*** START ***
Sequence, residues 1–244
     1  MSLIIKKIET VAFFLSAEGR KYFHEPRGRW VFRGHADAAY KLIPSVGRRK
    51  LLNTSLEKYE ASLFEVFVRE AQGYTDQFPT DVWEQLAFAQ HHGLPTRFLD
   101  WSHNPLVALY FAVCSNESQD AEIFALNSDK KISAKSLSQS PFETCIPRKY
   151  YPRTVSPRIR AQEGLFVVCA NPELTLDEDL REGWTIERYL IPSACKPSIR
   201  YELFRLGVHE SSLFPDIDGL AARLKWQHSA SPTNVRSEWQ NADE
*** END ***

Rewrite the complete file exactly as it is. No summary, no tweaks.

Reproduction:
Sequence, residues 1–244
     1  MSLIIKKIET VAFFLSAEGR KYFHEPRGRW VFRGHADAAY KLIPSVGRRK
    51  LLNTSLEKYE ASLFEVFVRE AQGYTDQFPT DVWEQLAFAQ HHGLPTRFLD
   101  WSHNPLVALY FAVCSNESQD AEIFALNSDK KISAKSLSQS PFETCIPRKY
   151  YPRTVSPRIR AQEGLFVVCA NPELTLDEDL REGWTIERYL IPSACKPSIR
   201  YELFRLGVHE SSLFPDIDGL AARLKWQHSA SPTNVRSEWQ NADE